Normally these posts focus on just one or two beers produced by individual breweries. Mainly this is because breweries tend to stick to a standard range and simply introduce one or two ‘weird’ beers for those looking to drink outside the box.
Today though, we’re focusing on not one, not two, but FIVE beers from the same brewery.
Before we begin though, by now the addition of berries to beers shouldn’t strike you as being particularly unusual. Raspberries, strawberries and blueberries are frequently used to make – or add flavour to – a variety of Belgian lambic beers and wheat beers.
However, this brewery decided it wasn’t enough to simply take well-known berries and use them in the brewing process. They want to take berries (and other ingredients) you’ve either never heard of or never tasted and use them to make beer.
This brings us to the Williams Brothers Brewing Company (http://williamsbrosbrew.com) located in Alloa, Central Scotland.
As well as brewing the standard range of beers (red ales, pilsners, pale ales etc), the Williams Bros also brew a range of historic ales using a variety of unique ingredients.
Harking back to the traditional Scottish beer styles, their eclectic range brings drinkers everywhere a taste of the good old, old, old, days.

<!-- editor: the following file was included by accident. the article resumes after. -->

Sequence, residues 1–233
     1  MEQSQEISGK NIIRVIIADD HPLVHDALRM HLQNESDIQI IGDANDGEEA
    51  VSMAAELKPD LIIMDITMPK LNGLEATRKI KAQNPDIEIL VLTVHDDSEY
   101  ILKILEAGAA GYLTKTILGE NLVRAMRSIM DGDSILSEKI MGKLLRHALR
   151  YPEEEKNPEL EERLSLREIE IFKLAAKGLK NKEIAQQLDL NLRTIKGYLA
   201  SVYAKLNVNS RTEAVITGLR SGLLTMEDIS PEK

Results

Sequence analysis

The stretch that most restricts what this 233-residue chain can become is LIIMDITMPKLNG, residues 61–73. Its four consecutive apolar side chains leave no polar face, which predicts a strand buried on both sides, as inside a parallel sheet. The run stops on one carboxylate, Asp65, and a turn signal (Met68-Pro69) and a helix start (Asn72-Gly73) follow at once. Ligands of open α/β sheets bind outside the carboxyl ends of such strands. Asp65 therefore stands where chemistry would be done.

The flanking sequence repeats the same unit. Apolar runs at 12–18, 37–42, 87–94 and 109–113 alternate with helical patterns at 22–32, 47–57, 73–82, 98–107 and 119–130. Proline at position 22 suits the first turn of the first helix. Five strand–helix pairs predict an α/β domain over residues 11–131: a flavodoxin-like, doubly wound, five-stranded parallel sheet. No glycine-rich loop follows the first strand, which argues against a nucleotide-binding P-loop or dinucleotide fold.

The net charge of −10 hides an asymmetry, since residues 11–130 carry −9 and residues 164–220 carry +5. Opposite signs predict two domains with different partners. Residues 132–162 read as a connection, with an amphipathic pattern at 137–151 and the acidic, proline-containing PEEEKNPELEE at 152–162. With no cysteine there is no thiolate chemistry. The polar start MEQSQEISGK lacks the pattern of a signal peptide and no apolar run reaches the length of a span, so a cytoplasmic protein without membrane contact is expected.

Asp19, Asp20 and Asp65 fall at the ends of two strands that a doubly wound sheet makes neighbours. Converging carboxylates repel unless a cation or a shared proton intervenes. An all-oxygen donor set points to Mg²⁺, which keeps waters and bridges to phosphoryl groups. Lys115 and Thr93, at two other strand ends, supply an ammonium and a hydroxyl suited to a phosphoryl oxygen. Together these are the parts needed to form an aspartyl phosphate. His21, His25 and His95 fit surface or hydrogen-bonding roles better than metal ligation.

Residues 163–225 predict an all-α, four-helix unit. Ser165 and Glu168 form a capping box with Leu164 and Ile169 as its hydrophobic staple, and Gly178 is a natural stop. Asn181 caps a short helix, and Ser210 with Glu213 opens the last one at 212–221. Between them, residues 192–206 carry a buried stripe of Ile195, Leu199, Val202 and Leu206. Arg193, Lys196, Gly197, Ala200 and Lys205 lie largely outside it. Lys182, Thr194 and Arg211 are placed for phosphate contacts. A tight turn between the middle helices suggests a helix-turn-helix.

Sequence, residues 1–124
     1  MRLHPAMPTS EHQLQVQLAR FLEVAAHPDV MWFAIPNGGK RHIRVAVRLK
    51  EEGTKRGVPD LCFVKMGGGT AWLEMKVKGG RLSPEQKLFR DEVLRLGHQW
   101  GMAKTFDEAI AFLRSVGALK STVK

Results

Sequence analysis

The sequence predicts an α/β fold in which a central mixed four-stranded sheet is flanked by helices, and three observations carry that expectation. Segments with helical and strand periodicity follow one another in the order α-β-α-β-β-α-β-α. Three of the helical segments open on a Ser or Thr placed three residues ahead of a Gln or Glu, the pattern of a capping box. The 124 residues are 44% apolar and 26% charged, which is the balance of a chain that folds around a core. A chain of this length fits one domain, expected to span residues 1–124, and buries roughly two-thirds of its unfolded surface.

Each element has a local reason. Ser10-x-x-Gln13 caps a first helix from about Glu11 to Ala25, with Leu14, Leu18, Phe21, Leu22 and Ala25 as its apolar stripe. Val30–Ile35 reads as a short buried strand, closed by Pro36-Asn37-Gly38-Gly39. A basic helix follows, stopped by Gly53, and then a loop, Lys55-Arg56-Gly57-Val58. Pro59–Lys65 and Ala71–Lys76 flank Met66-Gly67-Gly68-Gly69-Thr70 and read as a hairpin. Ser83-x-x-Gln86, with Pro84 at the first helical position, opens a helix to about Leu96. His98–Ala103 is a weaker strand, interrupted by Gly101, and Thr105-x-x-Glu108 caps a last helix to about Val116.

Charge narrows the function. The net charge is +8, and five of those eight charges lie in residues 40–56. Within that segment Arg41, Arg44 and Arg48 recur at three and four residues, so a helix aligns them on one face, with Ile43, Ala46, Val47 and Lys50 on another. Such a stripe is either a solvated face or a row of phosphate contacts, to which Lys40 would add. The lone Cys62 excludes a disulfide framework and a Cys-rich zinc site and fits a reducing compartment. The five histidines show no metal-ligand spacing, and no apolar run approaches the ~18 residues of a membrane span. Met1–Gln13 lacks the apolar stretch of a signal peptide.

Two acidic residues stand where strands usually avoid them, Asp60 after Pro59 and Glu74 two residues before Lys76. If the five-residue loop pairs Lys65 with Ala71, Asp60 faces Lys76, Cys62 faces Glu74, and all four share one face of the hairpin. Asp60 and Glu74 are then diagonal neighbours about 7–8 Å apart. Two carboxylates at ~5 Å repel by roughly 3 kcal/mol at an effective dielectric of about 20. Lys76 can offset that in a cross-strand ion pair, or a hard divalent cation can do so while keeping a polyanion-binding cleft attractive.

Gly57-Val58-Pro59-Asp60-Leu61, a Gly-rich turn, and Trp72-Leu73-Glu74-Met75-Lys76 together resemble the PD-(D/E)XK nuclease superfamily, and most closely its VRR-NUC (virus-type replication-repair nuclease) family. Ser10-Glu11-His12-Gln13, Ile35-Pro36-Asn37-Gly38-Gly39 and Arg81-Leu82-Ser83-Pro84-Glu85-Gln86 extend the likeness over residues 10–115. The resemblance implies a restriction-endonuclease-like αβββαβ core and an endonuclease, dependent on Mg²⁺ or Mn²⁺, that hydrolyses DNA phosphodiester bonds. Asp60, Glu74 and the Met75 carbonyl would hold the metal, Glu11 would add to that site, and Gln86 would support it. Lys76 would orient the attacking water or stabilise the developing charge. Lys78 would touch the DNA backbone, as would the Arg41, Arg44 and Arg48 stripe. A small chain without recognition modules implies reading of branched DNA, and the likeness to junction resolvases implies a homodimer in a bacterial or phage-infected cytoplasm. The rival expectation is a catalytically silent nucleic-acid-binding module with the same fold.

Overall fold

Starting with their famous Fraoch Heather Ale (referred to as the oldest style of ale still produced in the world) which incorporates flowering heather, you can partake in an Alba Scots Pine Ale (an ale introduced by the Vikings and brewed with the addition of spruce and pine), a Kelpie Seaweed Ale (which is fairly self-explanatory, suitably bizarre, and one I intend on tracking down in future), a Grozet Gooseberry & Wheat Ale (first brewed by 16th Century Scottish Monks) and finally the Ebulum Elderberry Black Ale (a style first introduced to Scotland by Welsh druids in the 9th Century).
This my friends, is one brewery that deserves full marks for being different. And it’s not just that they’re different and are producing ‘weird’ beers simply as a gimmick. These Scottish brewers are up there with the likes of Dieu de Ciel and Unibroue – both breweries in Quebec, Canada – in terms of producing an exceptional range of ‘out-there’ beers.
Each of the brews I’ve tried (to date I’ve managed to find the Heather Ale, the Grozet, and the Ebulum) have been quite well-made beers. The addition of those extra ingredients separates their beers from your run-of-the-mill wheat ales or dark ales without overpowering the ‘normal’ beer flavours.